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Federal Managers’ Use of Evidence (Performance Measurement Data and Evaluation Results): Are We There Yet? Open Access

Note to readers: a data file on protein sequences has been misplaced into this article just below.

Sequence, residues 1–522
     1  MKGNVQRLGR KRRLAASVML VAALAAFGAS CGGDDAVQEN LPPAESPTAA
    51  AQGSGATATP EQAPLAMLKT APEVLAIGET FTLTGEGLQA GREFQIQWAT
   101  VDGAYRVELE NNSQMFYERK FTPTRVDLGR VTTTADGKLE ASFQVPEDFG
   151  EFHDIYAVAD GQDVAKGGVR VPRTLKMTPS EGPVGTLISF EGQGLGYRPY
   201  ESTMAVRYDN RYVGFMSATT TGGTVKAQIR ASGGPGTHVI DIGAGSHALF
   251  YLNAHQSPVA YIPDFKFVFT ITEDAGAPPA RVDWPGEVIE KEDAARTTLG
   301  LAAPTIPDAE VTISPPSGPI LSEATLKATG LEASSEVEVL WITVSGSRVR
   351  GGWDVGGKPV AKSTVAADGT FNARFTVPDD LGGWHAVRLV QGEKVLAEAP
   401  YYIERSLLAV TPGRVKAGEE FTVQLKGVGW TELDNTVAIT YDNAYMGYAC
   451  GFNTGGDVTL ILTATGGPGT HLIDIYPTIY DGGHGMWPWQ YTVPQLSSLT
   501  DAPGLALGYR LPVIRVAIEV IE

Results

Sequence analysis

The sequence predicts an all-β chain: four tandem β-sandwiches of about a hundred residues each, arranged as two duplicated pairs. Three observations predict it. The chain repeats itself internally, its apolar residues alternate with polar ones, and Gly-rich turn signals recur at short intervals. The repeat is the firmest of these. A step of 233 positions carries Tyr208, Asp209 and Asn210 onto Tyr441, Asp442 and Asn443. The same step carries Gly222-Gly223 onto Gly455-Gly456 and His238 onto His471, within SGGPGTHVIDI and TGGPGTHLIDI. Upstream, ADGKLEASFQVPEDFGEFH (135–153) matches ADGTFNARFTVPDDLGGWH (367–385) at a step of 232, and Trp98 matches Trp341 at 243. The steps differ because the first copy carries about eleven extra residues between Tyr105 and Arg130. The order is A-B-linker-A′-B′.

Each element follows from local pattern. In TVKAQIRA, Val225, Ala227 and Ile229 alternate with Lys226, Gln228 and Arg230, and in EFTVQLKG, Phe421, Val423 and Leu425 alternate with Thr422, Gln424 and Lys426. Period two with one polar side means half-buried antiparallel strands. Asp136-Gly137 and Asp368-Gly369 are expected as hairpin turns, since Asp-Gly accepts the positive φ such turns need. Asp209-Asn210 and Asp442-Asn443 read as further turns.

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Understanding federal managers’ use of evidence (performance measurement data and evaluation results) to inform decision-making is an important step to develop concrete strategies to remove barriers to use and increase use. The goals of this research are to: 1) explain the extent to which senior level managers and executives in federal agencies use performance measurement data and evaluation findings and results to inform decision-making; 2) understand the factors that influence use of evidence to inform decision-making; and 3) explore strategies to enhance the use of evidence. The study employs a case study approach focusing on four federal agencies whose managers’ exhibit varying degrees of success in utilizing evidence (e.g., performance measurement data and program evaluation results). The four case study agencies that are the subject of the study are: United States Agency for International Development (AID), Department of Treasury (Treasury), the Small Business Administration (SBA), and Department of Transportation (DOT). The study relied on publicly available secondary data sources that were supplemented by document reviews and interviews with a small number of key informants. The findings indicate that performance measurement use occurs within the four case study agencies, however, it’s use declined from 2007 to 2017 for SBA, DOT and Treasury. Although a decline in use for some categories was evident in AID, other types of use increased. The results indicate that nearly 40% or more of respondents for the case study agencies use performance measurement data to inform decisions related to program strategy, problem identification and improvements and personnel performance related issues. The data also suggest an important distinction and nuance associated with different levels of management who use performance information, as well as specific types of use. For example, the agency’s top leaders and first line supervisors are more likely to use performance measurement data. However, an organization’s middle management tends to be less likely to use data to inform decisions regarding changes to the program. The most common factors that influence performance information use across the four case study agencies include: manager perceptions about who pays attention to performance information, the lack of incentives and the perceived authority (or lack of) to make changes to improve the program. In addition, access to timely and readily available data, information technology and or systems capable of providing the needed data, access to training, and staff knowledge and expertise to develop performance measures and conduct evaluations were found to influence the use of performance measurement.In general, there is an overall decline in the percentage of managers who report an evaluation of their program was conducted from 2013 to 2017 in all four case study agencies. Despite this decline, over 50% of AID managers were aware of an evaluation that was conducted within the past five years. The lower responses reported by DOT (28%), SBA (32%) and Treasury (34%) is consistent with the absence of robust program evaluation efforts. In 2017, managers at AID, SBA and Treasury report using program evaluation results to implement changes to improve program management or performance, while AID, DOT and Treasury managers report using program evaluation to assess program effectiveness, value or worth.

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